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At a candlelight vigil for singer Jenni Rivera on Dec. 10 in Long Beach, Calif.
The memorial - called a "Celestial Graduation" by her family - will be held from 10 a.m. to noon PT and be led by the Rev. Pedro Rivera Jr., the singer's older brother.
"We will celebrate the graduation into heaven, with honors, of our beloved mother, daughter and sister Jenni Rivera," the statement read. "We appreciate the privacy and discretion given to the family on the day she is laid to rest. The burial services will be privately held."
Rivera died when the private plane she was traveling in crashed in a mountainous region of Mexico.
Born in Long Beach, Calif., to Mexican immigrant parents, Rivera sold more than 15 million albums worldwide throughout her career and was a household name in Mexico and to Spanish-speaking communities throughout the United States.
The 43-year-old mother of five was one of the biggest stars of banda, a brass-based, percussive form of Spanish-language pop music invented in northern Mexico but played heavily throughout the American Southwest. Banda traditionally was the domain of men, and Rivera's emergence and eventual dominance in the genre was groundbreaking.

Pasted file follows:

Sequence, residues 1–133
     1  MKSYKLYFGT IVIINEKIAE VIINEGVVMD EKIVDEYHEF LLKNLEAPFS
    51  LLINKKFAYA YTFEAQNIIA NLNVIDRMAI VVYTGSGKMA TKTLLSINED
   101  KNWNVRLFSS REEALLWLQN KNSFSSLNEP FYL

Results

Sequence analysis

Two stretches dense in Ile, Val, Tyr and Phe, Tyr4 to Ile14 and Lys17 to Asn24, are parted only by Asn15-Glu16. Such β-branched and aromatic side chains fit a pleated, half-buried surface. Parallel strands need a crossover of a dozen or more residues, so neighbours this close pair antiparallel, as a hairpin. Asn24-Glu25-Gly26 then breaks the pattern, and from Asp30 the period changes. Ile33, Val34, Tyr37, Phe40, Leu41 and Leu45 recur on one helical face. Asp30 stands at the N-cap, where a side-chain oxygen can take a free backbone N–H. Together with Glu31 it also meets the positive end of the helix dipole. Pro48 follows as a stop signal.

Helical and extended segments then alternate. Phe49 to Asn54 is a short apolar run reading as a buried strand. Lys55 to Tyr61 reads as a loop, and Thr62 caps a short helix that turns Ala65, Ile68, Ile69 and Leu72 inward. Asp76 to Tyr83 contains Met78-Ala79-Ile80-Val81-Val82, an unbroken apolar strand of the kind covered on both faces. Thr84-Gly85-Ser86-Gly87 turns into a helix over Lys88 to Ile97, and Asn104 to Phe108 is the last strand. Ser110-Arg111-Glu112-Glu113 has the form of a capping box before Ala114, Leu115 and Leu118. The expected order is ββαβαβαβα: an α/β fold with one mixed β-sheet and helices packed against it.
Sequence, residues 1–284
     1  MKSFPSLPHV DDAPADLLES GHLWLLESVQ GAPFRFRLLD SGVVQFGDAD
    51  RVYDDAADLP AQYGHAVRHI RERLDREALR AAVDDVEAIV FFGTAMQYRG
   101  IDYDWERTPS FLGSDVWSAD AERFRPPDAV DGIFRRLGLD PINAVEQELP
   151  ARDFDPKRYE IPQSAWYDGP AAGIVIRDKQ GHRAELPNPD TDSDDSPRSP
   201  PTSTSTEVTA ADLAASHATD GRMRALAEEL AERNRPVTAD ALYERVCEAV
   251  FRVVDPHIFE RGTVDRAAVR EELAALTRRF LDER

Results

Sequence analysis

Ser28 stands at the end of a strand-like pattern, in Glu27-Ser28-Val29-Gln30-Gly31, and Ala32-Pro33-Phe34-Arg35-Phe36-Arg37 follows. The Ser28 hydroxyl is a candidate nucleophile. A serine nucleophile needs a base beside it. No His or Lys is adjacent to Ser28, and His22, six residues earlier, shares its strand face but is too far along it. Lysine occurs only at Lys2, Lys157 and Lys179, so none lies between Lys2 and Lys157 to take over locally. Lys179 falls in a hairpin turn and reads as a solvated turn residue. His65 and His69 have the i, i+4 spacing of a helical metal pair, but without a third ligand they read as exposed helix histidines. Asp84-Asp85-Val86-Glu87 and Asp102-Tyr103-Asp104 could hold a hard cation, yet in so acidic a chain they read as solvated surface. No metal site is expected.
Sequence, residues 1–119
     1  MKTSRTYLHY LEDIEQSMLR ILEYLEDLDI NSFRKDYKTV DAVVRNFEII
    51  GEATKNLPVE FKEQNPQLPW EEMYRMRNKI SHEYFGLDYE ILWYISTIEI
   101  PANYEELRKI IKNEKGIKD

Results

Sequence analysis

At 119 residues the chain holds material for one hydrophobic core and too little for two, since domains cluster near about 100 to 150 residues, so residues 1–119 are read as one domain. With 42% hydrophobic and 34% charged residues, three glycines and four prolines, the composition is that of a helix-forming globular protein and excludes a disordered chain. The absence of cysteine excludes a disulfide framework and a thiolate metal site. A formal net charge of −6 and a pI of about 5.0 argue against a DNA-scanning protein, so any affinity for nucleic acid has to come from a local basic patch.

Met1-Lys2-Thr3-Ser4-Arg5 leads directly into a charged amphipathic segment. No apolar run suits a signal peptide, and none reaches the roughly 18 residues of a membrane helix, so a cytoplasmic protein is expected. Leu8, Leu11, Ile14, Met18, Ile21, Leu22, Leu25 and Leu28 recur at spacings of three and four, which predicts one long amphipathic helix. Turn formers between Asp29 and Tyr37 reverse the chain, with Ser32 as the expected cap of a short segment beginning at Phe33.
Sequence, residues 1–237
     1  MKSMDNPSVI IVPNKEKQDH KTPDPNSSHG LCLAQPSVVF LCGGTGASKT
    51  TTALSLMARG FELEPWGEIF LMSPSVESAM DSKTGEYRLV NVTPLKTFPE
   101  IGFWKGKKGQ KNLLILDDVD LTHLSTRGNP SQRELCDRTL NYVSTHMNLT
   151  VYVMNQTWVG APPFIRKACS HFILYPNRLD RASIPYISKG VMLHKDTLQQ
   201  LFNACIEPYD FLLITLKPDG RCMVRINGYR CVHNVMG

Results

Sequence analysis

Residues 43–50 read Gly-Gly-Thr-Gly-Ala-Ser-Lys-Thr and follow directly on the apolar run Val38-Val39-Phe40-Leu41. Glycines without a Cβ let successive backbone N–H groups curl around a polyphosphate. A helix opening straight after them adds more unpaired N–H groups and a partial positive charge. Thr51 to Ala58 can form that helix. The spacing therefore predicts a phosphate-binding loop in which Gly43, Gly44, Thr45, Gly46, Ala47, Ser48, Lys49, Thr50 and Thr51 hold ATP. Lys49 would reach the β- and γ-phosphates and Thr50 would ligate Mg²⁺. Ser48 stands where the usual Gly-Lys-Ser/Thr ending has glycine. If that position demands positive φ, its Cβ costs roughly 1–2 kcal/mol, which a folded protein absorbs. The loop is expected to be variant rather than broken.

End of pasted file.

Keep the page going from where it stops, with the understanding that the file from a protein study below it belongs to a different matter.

Rivera's fame was expanding prior to the crash, thanks to a stint on television as the star of her own reality series, "I Love Jenni," on Telemundo's mun2 cable channel, and the recent announcement that she had signed to take the lead role in a sitcom for ABC.
The company that owns the luxury jet on which she was traveling is under investigation by the U.S. Drug Enforcement Administration, and the agency seized two of its planes earlier this year as part of the probe.
The Rivera family requested that in lieu of flowers at the memorial, donations be made to the Jenni Rivera Love Foundation - the charity founded by the singer, which offers support services to single mothers and victims of both domestic and sexual abuse.